I love fiction. I love the healthy dose of escapism that delving into a world created by imagination provides. However, I recently have come to love the world of nonfiction just as much. Nonfiction encompasses so many subjects; from sports to science, politics to poetry, and (my favorites) memoir and biography. Below are some nonfiction picks for teens that fascinated, inspired, and educated me on a variety of different subjects.
Weird Kentucky by Jeffery Scott Holland The ghostly “Lady in Blue” of the Seelbach Hotel? A medieval castle in Lexington? A half-goat, half-man monster spotted on an abandoned train trestle off Taylorsville Rd? All these strange phenomena of the bluegrass state and many more can be found in Weird Kentucky. Sometimes the truth really is stranger than fiction.
Women Heros of World War II by Kathryn J. Atwood contains twenty-six intriguing and suspense-filled stories about women and girls who refused to sit on the sidelines during WWII and who risked their lives to defeat the Nazis.
The Look Book by Erika Stadler features the signature looks of beauty icons from the twentieth and twenty-first centuries and gives step by step instruction on how to achieve any featured look. From Jackie Kennedy’s frosted pink lips to Kat Von D’s smoky eyes, this book covers any look you’ve ever wanted to try! A brief yet informative biography of each style icon is also included, so besides learning awesome new hair and makeup tricks, the reader can learn about the lives of these amazing women.
Poetry Speaks who I am edited by Elisa Paschen With over 100 poems by a wide range of poets, Poetry Speaks who I am is a wonderful collection for already established lovers of poetry and those who are interested in learning more about the written art form. The anthology also includes an audio CD that features recordings of poets such as Robert Frost reading their original work.
Scalpels, Stitches and Scars by John Townsend Squeamish readers beware! Scalpels, Stitches, and Scars highlight’s bizarre and gruesome medical practices throughout history. From ancient South American tribes using the jaws of army ants to stitch up wounds to “living bandages” created from patient’s own skin cells, this book is a fascinating ride through the history of surgery. There are many full color photos throughout the book as well which could be considered a good or bad thing depending on your gross-out tolerance.
I hope you’ll be inspired to peruse the shelves of your local library for one of these gems! If you have any nonfiction reads that you would like to share please post in the comments section below.
Welcome back to the blog for the next installment of our summer series on the elements! This week we will tackle an important element that is crucial to the growth of virtually all plants and animals on Earth--Nitrogen (N).
Plants and animals alike depend on Nitrogen to promote growth. Plants use Nitrogen in chlorophyll molecules, which are a primary component in photosynthesis. All amino acids contain Nitrogen, and animals need amino acids to synthesize proteins and convert energy for growth and function.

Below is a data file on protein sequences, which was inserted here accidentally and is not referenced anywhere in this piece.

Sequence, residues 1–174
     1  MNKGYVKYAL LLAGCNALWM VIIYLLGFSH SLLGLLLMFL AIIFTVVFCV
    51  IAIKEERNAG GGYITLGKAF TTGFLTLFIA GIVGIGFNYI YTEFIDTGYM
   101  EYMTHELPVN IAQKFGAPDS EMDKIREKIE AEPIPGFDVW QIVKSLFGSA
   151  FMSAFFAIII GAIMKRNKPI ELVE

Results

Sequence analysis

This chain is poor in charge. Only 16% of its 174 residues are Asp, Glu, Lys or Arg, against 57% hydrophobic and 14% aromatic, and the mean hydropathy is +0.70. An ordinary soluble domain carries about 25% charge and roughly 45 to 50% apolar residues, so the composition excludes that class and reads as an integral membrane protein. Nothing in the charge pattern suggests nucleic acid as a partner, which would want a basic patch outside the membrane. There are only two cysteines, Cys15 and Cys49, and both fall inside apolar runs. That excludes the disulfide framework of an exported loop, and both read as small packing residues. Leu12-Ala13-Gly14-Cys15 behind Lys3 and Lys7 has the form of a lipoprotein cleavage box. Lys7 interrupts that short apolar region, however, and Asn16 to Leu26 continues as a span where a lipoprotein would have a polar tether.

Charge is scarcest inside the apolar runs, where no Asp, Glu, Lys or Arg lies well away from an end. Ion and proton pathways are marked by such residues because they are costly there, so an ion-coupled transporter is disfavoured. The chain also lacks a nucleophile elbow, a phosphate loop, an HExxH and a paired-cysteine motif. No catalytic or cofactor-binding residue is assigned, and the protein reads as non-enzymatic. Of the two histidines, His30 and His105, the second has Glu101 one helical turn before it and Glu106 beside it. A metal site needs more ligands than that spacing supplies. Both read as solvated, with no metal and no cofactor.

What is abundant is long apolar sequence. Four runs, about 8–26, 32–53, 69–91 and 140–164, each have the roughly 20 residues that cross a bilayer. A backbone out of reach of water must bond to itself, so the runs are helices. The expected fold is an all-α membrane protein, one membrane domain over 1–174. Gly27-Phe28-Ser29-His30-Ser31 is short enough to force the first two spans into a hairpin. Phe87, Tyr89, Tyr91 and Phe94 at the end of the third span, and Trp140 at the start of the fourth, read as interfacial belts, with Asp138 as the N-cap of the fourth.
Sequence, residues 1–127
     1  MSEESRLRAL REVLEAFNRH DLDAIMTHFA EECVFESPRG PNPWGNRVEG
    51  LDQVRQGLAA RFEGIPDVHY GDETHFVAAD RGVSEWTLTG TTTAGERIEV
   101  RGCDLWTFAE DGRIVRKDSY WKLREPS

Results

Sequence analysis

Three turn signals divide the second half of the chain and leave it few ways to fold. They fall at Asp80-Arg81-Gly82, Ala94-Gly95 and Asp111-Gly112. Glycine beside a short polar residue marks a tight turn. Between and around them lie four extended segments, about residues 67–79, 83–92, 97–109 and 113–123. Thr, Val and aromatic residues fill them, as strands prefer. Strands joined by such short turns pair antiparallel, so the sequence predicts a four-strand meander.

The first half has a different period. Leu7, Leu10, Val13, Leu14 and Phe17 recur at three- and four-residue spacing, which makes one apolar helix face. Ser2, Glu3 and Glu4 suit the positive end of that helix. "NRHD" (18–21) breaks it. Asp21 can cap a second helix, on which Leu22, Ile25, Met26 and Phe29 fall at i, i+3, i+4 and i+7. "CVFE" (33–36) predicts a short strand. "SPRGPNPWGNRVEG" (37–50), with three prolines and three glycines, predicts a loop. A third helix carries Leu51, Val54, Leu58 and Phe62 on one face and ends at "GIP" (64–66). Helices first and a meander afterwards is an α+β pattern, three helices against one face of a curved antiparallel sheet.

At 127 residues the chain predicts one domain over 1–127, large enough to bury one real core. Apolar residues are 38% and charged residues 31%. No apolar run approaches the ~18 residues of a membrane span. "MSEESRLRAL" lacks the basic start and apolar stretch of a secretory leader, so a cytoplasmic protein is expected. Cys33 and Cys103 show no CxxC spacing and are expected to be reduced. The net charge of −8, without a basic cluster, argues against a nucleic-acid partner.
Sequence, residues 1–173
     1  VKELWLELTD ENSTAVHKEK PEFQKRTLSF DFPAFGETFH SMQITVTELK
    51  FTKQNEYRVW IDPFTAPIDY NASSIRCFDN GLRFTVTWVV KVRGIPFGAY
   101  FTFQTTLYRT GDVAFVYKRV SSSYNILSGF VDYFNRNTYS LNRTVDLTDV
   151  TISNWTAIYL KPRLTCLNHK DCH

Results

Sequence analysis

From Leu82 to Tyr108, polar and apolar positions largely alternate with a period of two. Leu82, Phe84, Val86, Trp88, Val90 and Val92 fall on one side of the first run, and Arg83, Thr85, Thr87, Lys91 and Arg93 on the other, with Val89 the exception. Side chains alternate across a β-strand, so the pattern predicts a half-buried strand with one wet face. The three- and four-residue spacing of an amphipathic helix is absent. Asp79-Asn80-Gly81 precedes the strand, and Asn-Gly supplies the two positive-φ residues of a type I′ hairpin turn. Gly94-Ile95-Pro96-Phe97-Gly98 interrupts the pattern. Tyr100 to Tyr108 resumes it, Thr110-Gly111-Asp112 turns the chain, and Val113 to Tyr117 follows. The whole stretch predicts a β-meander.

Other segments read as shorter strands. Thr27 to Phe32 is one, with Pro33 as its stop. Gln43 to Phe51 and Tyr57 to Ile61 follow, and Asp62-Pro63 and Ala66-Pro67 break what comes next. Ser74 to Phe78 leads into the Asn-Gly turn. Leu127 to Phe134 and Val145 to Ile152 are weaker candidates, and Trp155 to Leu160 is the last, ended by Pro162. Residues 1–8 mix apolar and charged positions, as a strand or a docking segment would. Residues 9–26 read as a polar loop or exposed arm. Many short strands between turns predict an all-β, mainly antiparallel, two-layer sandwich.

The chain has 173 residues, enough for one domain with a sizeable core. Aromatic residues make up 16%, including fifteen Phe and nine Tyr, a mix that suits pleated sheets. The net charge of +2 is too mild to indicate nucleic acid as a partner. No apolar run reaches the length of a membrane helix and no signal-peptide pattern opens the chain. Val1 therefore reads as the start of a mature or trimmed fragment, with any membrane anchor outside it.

Our atmosphere is approximately 78% Nitrogen, which sounds like there is an abundance of N available for plant and animal productivity, but atmospheric Nitrogen (N2) is unusable by plants and animals, because the N atoms are bound together in a triple bond. For uptake by plants and animals, N2 has to go through a series of conversions.
Nitrogen Fixation - N2 is converted to NH3 (ammonia) by lightning strikes and soil-dwelling, symbiotic bacteria living on leguminous plants.
Assimilation - nitrate (NO3-) and ammonium (NH4+) uptake from plant root hairs in soil
Ammonification - plant and animal waste (detritus) is converted from organic matter into ammonium
Nitrification - conversion of ammonia to nitrites (NO2-) which is then oxidized to nitrates by soil living bacteria
Denitrification - reduction process of nitrates back into atmospheric gas (N2) by bacteria in anaerobic conditions. This last portion of the process is important, because it keeps the cycle in balance.
Agriculture is heavily dependent on the productivity of soil for plant growth. Starting in the first decade of the 20th Century, scientists started synthesizing ammonia by combining atmospheric N2 with Hydrogen gas (H2)--usually derived from methane (CH4). For more on this process, see Haber-Bosch.
While this process creates a readily accessible form of Nitrogen fertilizer for farmers, it can potentially impact the environment in a harmful way. Excess fertilization with Nitrogen and Phosphorus can wash out of farm fields and end in up in water systems.
An overabundance of these fertilizers can lead to a rapid genesis of potentially harmful algal blooms in waterways. Phytoplankton varieties of algae are plant species and react similarly to fertilizers as terrestrial plants would. This rapid growth can cause an over-use of dissolved oxygen in the water creating a hypoxic aquatic ecosystem, forcing out other organisms.
The take home message when it comes to synthetic Nitrogen fertilization is: balance.